Clinical trials - Woman in labMedicinal products need to have a marketing authorisation granted before they can be sold or supplied to patients. Before this authorisation is granted, information about the product is assessed to ensure that it is safe and effective and also that the quality of the product is sufficient.

Clinical trials are undertaken to allow data on the safety and efficacy of new products to be collected. These trials can be conducted using healthy volunteers or patients, depending on the type of product and its stage of development. Information on the non-clinical safety will have been obtained before the clinical trial programme commences.

Clinical trials begin with small studies in a controlled population of healthy volunteers or patients and, as data are gathered, expand to large scale studies in patients. These large scale studies will often investigate the new product and the currently used treatment to see how these two compare. As information is obtained, larger numbers of patients are exposed to the new product and safety data can be collected showing the safety of the product in the intended patient population.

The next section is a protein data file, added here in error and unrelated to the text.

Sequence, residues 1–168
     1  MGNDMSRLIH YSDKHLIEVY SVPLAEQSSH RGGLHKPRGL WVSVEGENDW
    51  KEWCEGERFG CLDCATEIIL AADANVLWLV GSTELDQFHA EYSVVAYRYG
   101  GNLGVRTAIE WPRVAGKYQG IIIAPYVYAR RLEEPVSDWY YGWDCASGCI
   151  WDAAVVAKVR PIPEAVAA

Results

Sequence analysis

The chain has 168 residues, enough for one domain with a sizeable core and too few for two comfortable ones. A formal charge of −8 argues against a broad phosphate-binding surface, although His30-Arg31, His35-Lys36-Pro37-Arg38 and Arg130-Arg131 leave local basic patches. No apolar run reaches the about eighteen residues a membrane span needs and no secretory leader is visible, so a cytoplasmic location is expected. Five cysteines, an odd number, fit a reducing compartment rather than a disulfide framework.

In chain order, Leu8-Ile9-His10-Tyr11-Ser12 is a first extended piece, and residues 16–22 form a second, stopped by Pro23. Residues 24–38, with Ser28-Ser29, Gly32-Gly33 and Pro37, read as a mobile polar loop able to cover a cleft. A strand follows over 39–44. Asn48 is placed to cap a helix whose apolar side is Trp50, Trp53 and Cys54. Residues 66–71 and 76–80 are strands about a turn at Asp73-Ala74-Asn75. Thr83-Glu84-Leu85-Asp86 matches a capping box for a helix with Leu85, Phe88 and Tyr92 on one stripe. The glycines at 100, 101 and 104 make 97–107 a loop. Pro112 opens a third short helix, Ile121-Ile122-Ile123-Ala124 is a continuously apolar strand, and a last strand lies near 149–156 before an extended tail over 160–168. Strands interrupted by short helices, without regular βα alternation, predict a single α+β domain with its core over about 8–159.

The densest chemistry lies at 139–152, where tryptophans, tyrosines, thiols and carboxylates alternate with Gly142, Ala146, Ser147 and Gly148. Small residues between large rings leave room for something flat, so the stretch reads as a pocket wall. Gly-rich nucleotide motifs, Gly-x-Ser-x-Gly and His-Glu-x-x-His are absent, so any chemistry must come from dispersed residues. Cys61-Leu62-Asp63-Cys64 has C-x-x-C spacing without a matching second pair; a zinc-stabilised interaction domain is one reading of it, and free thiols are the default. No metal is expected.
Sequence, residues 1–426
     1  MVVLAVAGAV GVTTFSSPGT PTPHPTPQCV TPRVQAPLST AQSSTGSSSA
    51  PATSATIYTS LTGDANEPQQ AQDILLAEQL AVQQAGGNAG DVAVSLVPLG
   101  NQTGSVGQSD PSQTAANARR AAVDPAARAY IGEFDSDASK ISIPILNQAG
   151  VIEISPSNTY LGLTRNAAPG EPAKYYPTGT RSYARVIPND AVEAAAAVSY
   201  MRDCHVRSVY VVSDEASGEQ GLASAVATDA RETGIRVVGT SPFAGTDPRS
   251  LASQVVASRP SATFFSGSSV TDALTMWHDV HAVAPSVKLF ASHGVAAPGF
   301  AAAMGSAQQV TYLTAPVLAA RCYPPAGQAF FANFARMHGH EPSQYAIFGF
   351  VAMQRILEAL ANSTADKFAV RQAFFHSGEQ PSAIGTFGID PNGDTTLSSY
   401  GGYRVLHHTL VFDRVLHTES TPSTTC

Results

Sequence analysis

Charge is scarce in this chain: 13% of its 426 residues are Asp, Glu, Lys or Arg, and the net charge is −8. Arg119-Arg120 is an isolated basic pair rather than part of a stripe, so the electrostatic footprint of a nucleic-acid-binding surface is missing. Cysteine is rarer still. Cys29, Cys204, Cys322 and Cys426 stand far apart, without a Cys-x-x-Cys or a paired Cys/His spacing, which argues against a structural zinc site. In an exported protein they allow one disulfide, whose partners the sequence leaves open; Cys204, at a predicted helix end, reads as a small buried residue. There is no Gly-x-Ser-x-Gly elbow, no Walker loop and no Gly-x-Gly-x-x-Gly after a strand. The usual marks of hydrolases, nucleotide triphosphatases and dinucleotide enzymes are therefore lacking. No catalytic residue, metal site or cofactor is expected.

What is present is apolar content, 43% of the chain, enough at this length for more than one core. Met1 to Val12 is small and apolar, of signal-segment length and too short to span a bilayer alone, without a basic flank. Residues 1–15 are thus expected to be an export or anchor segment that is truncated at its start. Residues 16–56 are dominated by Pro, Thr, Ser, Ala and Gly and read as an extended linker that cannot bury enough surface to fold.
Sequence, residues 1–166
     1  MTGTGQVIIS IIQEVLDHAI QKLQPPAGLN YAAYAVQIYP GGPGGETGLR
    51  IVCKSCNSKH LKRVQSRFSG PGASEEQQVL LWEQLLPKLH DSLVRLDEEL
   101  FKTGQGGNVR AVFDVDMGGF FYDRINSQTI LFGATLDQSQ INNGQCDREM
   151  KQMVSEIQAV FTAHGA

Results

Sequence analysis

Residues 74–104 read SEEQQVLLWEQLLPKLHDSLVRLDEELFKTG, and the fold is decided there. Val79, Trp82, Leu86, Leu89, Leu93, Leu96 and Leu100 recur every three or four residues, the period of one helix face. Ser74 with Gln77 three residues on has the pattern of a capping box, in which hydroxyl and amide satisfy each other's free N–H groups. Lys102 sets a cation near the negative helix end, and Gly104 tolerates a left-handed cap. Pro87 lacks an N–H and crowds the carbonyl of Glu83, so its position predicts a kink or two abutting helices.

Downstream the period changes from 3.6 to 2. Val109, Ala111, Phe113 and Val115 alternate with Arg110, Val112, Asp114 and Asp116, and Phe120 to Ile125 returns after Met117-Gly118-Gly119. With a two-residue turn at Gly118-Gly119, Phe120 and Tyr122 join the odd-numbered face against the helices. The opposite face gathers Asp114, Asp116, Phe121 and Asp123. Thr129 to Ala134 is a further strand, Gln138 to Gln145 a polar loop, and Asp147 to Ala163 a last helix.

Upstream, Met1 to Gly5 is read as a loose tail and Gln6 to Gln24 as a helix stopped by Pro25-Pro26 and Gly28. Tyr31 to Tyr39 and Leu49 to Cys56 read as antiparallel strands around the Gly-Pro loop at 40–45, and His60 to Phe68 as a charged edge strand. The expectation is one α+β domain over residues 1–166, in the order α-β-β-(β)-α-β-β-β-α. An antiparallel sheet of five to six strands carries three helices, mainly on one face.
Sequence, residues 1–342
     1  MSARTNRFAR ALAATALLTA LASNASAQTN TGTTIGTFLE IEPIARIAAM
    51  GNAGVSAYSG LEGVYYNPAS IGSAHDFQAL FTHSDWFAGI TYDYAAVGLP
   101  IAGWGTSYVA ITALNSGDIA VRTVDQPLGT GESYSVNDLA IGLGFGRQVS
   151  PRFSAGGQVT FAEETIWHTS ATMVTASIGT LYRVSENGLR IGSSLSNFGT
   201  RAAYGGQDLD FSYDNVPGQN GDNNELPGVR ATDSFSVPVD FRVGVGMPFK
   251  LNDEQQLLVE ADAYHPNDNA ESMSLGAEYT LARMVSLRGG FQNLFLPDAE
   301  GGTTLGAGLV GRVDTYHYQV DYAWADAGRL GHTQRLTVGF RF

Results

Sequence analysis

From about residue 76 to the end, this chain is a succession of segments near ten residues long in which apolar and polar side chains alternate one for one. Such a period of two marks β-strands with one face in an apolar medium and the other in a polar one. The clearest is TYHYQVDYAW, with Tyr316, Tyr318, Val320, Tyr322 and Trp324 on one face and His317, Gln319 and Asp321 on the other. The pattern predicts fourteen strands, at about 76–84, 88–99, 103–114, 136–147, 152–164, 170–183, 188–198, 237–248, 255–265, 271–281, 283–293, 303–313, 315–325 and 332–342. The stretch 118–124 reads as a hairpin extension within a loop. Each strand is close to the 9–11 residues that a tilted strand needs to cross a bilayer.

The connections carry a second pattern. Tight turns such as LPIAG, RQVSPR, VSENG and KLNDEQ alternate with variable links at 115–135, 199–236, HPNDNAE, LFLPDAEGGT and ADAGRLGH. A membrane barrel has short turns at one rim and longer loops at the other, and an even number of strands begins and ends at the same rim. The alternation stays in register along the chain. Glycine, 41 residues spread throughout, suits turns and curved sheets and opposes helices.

The Clinical Trials Unit is part of the Licensing Division of the Medicines branch of the MHRA. The role of the Unit is to assess applications from sponsors to conduct clinical trials with medicinal products. The types of trials assessed range from first-in-man studies for new compounds to studies with products which already have marketing authorisations.

The interactive flow diagram below provides a general overview of the process involved in obtaining a clinical trial authorisation (CTA):

Is a clinical trial authorisation (CTA) required?

Yes      No

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Can I use the notification scheme? 

Yes      No

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Page last modified: 05 April 2011